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More than 56,000 people placed deposits for Los Angeles Rams season tickets for the coming season at Los Angeles Memorial Coliseum, the team announced Tuesday.

The team began accepting $100 season-ticket deposits on Jan. 18, and more than 45,000 deposits were made in the first two days. The deposit program ended Monday.

“We are inspired by how enthusiastically NFL fans in Southern California have responded to the return of the Los Angeles Rams,” said Keven Demoff, the team’s chief operating officer and executive vice president. “We will reward their passion by providing a terrific game day experience at both the Coliseum this fall and ultimately in Inglewood. We can’t wait to welcome our fans on Sundays and become an integral part of the greater Los Angeles community.”

Fans who placed deposits will have the priority opportunity to purchase Rams season tickets for the 2016 season at the Coliseum will also receive a guaranteed spot on the official waiting list for the team’s still-to-be-built stadium in Inglewood, which is supposed to open in time for the 2019 season. They will also receive access to 2016 single-game tickets and any available ticket packages before the general public; exclusive access to season tickets during the 2017 and 2018 seasons, if available; and exclusive access to official team events, content and giveaways.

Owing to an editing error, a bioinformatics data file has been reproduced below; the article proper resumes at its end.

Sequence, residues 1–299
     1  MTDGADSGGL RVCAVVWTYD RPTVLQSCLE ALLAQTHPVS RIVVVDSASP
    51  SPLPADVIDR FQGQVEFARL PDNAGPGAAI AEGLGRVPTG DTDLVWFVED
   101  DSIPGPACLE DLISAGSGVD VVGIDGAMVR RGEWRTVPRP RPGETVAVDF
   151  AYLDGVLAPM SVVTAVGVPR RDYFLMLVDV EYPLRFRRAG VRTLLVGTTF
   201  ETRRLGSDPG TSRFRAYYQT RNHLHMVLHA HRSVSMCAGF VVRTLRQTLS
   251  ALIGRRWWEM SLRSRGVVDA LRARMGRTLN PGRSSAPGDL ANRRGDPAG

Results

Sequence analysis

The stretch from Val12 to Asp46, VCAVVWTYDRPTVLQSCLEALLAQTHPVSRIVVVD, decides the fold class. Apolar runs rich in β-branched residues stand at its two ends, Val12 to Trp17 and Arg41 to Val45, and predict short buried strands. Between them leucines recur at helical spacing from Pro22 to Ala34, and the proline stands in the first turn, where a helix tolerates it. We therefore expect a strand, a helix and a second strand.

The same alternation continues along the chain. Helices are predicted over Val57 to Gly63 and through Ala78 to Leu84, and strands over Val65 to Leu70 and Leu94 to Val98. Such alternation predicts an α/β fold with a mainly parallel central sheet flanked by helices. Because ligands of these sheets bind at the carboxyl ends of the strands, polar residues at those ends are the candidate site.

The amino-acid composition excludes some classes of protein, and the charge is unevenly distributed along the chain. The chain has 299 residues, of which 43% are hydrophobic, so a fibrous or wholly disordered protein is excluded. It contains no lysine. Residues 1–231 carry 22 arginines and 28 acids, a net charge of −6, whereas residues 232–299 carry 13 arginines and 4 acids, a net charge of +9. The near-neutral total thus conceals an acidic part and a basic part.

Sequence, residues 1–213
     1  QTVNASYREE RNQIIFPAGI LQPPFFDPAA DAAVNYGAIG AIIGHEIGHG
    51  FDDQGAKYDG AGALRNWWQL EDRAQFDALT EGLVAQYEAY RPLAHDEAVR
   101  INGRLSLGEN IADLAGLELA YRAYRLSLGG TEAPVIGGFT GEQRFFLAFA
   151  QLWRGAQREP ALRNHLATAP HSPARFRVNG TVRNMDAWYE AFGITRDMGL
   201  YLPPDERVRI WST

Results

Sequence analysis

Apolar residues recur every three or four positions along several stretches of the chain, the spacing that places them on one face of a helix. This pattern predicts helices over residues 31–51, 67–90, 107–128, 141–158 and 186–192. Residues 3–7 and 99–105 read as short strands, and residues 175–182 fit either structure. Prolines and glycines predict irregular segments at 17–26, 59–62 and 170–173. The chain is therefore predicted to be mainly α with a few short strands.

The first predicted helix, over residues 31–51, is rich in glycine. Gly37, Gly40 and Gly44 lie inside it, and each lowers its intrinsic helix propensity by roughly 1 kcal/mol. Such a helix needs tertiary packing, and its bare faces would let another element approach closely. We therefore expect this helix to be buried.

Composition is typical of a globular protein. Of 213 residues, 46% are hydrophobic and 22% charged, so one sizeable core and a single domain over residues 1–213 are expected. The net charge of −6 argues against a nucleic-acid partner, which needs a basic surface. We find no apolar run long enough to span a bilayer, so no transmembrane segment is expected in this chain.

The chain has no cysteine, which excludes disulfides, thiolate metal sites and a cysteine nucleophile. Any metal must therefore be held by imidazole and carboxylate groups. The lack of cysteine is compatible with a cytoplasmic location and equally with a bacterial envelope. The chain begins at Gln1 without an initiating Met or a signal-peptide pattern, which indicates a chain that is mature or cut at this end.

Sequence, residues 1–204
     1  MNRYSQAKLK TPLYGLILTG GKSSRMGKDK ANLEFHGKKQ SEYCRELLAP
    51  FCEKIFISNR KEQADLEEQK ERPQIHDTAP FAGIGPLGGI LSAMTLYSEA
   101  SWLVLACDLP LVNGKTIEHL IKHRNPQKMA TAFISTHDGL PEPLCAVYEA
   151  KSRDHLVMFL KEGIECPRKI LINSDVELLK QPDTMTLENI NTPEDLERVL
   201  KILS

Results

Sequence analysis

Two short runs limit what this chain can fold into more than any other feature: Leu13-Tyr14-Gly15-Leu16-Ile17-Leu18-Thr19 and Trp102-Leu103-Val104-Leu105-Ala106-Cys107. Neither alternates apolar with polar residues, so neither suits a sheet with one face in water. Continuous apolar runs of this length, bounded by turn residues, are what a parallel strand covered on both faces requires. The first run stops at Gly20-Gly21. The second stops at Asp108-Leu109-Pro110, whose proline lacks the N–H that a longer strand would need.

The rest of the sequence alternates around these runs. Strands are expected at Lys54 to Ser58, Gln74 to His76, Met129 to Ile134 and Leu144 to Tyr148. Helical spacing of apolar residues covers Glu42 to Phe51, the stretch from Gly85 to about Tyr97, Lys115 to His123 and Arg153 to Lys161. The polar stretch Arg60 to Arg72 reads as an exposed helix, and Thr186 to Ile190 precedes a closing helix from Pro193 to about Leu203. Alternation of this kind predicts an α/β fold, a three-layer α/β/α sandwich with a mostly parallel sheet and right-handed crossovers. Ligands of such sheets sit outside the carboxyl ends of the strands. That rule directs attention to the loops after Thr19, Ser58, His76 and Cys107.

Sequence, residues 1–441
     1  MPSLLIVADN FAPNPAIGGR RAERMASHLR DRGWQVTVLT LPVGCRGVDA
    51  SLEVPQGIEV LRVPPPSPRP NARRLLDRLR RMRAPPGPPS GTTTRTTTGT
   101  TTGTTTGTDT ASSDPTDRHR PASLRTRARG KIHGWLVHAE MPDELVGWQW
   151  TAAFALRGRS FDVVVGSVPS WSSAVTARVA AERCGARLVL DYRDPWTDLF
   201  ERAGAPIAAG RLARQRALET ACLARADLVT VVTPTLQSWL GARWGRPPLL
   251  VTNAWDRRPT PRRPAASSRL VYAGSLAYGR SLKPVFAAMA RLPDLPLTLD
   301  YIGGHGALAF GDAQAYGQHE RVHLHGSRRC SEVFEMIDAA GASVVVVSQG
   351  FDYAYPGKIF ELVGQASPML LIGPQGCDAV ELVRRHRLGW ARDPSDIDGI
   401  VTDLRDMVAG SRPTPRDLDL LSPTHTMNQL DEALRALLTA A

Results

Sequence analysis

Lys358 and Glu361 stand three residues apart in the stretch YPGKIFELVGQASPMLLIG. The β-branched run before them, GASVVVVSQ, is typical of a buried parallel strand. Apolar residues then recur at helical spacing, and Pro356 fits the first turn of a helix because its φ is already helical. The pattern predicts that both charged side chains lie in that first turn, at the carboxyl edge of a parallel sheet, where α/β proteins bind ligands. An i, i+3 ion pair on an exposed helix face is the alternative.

The cost of tickets has not been announced.

Demoff said earlier the prices would likely be comparable to those in St. Louis. Season ticket prices in St. Louis for the 2015 season ranged from $300 to $1,750 for 10 games, two in the preseason and eight in the regular season.

The Rams will play nine games at the Coliseum in 2016, two in the preseason and seven in the regular season, with one “home” game being played in London.

The team has not “looked at ticket pricing” for the Inglewood stadium, but “they might not be what they were in St. Louis,” Demoff said.

The Inglewood stadium will have a “personal seat license” program will be in effect for most seats. That program, which is used at many professional sports stadiums across the nation, requires buyers to pay a license fee — often in the thousands of dollars — for each seat, in addition to the actual ticket price.

According to the team’s website, details of the program haven’t been set, but “we do anticipate the majority of the seats if not all will require some type of a personal seat license with differing price categories based upon seating locations and amenities.”

Although ticket deposits are no longer being accepted, fans can still register here to receive updated information about the team, stadium, ticket availability, events and giveaways.

— Wire reports 

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